Recent studies have focused on how tumours evade apoptotic signals from Tumour Necrosis Factor (TNF) superfamily members, with particular emphasis on the potential anti-tumour agent TRAIL (TNF-Related Apoptosis Inducing Ligand), its receptors (Death Receptors 4 and 5) and decoy receptors (Decoy receptors 1 and 2, and OPG(Osteoprotegerin). Current studies are focusing on mechanisms of TRAIL resistance in cancer cells, and whether combinations of agents such as histone deacetylase (HDAC) inhibitors, nuclear export inhibitors and proteasome inhibitors can reverse TRAIL resistance. In our recent studies, we have also demonstrated that nuclear export inhibitors in particular can potently enhance tumour cell sensitivity to TRAIL in a range of tumour cells.
Nutraceuticals in the prevention and treatment of cancer
We are currently researching a number of novel compounds derived from fruit and vegetables. This involves investigating the biological effects on tumour and non-tumour cells of agents derived from carrots, pomegranates, rhubarb, beetroot, cabbage and broccoli. Specifically, we are interested in their potential to induce cell death and inhibit proliferation, and the molecular mechanisms of their actions. We have a particular interest in leukaemia, prostate cancer, gastrointestinal tract cancers and breast cancer.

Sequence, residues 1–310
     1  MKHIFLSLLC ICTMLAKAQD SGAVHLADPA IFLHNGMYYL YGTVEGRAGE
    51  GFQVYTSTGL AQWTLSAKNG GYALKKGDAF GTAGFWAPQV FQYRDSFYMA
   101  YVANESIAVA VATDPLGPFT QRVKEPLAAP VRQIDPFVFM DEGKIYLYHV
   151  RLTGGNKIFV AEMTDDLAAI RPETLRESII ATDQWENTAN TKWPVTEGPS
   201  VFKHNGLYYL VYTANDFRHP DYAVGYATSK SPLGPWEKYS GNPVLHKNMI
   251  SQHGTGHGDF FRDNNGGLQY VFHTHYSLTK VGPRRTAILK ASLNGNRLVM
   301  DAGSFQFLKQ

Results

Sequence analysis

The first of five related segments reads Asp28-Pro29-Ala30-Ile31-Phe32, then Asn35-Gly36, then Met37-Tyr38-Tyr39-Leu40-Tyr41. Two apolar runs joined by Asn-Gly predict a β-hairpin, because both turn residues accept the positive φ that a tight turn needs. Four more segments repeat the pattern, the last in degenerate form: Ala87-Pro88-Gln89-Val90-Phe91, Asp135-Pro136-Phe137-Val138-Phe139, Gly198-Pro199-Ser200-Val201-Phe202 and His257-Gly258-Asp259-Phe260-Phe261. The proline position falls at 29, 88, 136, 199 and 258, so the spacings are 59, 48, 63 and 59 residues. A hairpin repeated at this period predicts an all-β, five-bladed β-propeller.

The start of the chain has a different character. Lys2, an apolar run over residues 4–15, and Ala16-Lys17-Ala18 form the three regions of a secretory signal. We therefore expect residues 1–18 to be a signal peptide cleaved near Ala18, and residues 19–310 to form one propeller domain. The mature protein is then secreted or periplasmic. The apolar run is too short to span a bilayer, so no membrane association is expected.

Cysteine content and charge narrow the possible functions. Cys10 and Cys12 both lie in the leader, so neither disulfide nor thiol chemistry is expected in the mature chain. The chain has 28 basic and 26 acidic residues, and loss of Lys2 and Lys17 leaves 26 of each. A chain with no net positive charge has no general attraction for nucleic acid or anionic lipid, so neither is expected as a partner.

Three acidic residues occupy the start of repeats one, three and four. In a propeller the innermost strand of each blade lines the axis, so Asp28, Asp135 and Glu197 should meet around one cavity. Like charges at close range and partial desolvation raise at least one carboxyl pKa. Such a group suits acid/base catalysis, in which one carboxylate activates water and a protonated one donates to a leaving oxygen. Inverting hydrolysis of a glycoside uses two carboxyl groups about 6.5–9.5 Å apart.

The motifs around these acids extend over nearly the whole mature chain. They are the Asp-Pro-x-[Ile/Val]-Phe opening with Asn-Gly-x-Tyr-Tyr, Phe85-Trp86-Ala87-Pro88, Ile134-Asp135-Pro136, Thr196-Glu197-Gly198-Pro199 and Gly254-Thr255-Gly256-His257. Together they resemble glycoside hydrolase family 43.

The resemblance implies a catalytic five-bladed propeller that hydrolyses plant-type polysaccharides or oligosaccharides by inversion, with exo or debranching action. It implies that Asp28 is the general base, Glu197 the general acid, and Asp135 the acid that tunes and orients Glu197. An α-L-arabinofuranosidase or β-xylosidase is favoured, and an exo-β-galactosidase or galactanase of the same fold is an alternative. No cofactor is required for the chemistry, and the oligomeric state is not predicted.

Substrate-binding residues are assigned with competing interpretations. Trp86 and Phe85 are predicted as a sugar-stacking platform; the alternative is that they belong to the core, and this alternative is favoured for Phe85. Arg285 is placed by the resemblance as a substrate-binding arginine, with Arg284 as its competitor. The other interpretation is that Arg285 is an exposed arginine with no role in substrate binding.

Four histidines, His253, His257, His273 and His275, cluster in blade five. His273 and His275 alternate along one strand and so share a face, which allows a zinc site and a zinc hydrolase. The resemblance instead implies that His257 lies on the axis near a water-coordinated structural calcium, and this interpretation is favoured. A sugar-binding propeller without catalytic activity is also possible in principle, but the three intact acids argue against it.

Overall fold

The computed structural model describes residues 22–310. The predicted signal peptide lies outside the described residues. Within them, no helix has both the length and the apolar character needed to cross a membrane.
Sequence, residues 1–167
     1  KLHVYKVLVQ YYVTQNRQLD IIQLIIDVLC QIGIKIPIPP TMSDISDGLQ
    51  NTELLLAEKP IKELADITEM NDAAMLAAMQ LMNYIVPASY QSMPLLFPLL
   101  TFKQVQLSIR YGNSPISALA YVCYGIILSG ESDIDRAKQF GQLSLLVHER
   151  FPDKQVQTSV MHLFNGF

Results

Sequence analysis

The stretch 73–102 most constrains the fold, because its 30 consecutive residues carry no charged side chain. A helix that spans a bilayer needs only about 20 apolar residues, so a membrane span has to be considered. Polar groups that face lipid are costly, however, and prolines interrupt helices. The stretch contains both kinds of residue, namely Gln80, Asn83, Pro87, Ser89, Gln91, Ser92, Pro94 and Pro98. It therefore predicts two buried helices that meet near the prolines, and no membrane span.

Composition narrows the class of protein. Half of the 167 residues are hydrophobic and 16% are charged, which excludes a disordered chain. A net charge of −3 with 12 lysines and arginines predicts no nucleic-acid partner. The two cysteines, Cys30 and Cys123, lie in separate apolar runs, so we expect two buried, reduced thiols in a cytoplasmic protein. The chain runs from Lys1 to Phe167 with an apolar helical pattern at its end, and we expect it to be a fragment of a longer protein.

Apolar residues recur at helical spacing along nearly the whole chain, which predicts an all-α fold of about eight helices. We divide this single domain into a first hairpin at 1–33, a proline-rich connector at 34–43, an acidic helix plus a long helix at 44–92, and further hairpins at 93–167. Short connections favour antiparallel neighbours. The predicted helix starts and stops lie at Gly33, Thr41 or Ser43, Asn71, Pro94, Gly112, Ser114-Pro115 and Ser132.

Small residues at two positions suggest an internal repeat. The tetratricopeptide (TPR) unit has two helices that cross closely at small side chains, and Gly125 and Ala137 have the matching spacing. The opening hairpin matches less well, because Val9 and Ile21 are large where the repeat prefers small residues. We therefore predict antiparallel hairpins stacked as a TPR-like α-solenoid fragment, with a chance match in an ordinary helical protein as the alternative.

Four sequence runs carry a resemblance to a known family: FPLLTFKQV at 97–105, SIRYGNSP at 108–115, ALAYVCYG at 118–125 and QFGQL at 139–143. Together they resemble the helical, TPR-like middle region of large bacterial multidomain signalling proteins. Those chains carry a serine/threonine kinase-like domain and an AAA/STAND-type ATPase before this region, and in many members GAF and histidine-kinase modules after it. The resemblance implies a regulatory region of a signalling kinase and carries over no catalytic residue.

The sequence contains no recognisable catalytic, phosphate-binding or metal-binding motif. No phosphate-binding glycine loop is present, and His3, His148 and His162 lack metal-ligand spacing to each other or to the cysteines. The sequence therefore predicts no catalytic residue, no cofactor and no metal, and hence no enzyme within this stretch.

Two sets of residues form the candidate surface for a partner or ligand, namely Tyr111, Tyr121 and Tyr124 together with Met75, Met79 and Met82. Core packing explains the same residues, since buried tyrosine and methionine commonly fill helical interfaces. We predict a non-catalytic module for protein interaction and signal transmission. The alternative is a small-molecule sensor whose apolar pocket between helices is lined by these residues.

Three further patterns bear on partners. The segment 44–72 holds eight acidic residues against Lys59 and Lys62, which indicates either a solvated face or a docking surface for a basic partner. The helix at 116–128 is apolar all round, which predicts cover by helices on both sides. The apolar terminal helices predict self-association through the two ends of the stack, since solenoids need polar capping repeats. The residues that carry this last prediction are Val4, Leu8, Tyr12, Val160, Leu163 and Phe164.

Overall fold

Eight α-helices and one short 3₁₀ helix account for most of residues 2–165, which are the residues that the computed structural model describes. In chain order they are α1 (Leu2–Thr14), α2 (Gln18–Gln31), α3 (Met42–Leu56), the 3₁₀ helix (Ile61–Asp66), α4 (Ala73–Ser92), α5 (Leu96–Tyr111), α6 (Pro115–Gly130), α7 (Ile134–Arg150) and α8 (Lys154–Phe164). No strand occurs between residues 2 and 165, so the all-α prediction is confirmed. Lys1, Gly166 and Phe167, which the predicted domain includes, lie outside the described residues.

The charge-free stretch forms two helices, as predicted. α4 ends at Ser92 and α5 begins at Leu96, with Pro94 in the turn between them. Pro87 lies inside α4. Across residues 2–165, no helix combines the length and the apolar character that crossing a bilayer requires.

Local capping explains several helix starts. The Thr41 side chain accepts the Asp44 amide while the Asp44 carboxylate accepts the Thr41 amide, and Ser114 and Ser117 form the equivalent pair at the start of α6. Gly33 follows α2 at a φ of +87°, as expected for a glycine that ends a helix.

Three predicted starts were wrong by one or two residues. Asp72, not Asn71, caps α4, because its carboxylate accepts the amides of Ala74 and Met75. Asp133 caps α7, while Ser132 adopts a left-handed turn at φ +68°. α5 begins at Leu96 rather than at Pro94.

Rheumatoid arthritis and osteoarthritis are two of the most common forms of arthritis. Rheumatoid arthritis is a chronic inflammatory disorder whereas inflammation in osteoarthritis tends to be associated mainly with its later stages. Both are associated with loss of articular cartilage producing joints which are painful on movement.
Intervertebral disc degeneration
Lower back pain is a major health problem affecting approximately 80% of the population at some time in their lives.
Intervertebral disc degeneration has been implicated in approximately 40% of cases of low back pain and as such, is a promising therapeutic target. However, the current therapies are purely symptomatic or involve surgery, which does not address the initial causes of low back pain.
Our studies investigate the pathogenesis of intervertebral disc degeneration, with the aim of developing new therapeutic approaches targeted at the abnormal cell biology which results in such degeneration. Particular interests include the role of cytokines and chemokines, and targeted therapies to intracellular signaling molecules, cannabinoids and the use of stem cells for regeneration approaches.
Together with researchers in the Materials and Engineering Research Institute, Dr Le Maitre is working to develop a hydrogel delivery system for biological factors and mesenchymal stem cells to inhibit degeneration and induce regeneration.
Multiple sclerosis (MS) is the most common disabling neurological condition among young adults, affecting around 85,000 people in the UK alone. MS is an autoimmune disorder which arises as result of the body's own immune system attacking the myelin sheath, a protective lipid rich membrane that surrounds the nerve fibres of the central nervous system. Damage to myelin interferes with the progress of messages between the brain and other parts of the body, causing the symptoms associated with MS.